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Jean Thibodeau




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PostPosted: Tue 28 Oct, 2014 6:57 pm    Post subject: Making it in Bronze: Tod Stuff.         Reply with quote

I'm having a wooden model for a walking stick head made in bronze, I just sent the wooden sculpt to Tod of Tod's Stuff to make the necessary moulds and made an initial order of 6 units.

http://www.todsstuff.co.uk/todsfoundry/index.htm

Quote:
Tod's Foundry can also supply custom items to your specification and design.



Tod's Stuff has a subdivision called Tod's Foundry and I got in touch with him to get a quote on the project.

I think that using his foundry service could be very useful for people wanting to make DIY projects where parts like pommels, guards or other things can be made.

He does bronze and he can also do cast steel but the price on steel is higher, and there is a minimum order of 20 units in steel.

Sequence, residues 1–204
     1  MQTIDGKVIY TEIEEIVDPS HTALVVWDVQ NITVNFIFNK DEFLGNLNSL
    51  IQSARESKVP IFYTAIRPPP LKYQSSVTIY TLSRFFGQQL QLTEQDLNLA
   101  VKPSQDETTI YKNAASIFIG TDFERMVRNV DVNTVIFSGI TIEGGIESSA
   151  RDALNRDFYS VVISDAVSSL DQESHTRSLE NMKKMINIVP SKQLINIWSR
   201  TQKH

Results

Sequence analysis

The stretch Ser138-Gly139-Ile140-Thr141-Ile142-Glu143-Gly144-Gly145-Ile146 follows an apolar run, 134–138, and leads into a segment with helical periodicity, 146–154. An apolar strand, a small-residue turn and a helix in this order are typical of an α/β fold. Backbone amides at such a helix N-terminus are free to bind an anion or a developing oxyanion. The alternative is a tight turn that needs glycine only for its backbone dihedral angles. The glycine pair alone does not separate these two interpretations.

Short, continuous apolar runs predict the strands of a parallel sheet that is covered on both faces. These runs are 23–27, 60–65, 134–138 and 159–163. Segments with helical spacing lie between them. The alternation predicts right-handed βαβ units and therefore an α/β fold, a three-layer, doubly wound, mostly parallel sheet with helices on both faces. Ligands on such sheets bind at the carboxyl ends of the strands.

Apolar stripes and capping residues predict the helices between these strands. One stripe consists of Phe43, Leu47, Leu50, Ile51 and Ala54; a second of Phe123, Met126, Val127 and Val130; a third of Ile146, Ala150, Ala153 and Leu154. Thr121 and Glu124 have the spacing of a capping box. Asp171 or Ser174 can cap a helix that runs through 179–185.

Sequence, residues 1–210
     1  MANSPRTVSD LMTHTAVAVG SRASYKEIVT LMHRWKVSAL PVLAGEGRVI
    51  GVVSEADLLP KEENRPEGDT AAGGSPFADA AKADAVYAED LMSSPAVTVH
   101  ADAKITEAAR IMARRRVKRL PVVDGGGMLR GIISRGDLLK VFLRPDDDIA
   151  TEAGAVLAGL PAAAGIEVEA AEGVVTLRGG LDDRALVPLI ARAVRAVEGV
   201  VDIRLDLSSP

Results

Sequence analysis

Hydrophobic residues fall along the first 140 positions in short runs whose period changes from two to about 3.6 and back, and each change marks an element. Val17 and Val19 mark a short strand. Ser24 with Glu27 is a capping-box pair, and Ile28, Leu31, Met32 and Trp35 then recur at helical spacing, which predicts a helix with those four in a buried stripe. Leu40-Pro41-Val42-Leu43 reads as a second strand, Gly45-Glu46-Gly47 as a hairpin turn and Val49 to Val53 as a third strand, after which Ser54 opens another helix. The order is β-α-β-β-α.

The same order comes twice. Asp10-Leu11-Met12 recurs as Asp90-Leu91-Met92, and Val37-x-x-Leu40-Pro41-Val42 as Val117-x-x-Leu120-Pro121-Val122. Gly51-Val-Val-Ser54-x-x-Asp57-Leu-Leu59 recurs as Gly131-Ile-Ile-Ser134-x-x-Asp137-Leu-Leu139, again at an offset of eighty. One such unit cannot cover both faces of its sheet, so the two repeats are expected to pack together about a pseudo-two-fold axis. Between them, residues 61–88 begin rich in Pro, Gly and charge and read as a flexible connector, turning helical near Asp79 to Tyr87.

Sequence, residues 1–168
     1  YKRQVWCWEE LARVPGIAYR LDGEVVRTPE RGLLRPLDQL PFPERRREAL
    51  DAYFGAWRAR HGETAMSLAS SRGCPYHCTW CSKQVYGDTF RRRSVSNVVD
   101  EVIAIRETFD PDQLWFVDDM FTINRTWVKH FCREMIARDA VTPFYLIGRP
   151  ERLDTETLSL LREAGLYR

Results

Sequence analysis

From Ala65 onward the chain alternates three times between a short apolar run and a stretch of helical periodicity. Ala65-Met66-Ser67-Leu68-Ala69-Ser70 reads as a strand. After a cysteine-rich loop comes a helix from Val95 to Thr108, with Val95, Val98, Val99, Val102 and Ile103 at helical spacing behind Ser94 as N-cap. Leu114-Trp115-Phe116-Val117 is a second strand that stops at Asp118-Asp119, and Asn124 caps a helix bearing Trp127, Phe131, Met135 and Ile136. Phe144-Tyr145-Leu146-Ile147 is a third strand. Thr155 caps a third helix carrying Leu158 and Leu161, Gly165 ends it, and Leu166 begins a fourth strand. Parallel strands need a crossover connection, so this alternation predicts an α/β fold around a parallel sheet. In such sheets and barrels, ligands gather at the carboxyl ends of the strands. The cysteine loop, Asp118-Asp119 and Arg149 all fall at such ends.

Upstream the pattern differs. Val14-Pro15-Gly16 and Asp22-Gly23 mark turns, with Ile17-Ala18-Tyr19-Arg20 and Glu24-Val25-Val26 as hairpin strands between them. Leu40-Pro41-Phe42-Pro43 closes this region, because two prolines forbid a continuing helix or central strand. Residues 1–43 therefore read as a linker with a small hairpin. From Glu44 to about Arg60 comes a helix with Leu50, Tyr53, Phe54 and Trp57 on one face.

With bronze the minimum order is 3.

The reason for the minimums I thinks because any lesser numbers wouldn't be cost effective and the actual foundry that produces the castings have these minimums numbers for the casting tree to cast all the 3 or 20 pieces in one pour.

Doing one pour for one piece might be possible but would probably cost as much for the setup as doing the full number of castings.

The socket hole is square and defined by the layers of wood puzzle piece creating the negative space.

Tod might be able to confirm some of the details that I'm inferring from the information he gave me, or correcrt any mistakes I may be making about the process..

Tod does the preparation needed to produce a master mould and individual, I assume wax reproductions, for each of the cast pieces.

When I get the castings back I will put some of them together as walking sticks and I will then update my Walking stick " Topic.

For now I will add below a few concept drawings, and some in progress pics of the sculpting and the final shape of the model I sent to Tod.



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The basic shape assembled with the wood grain at 90° to each other in different layers.

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The rough outline drawn on the sides and some wood trimmed off.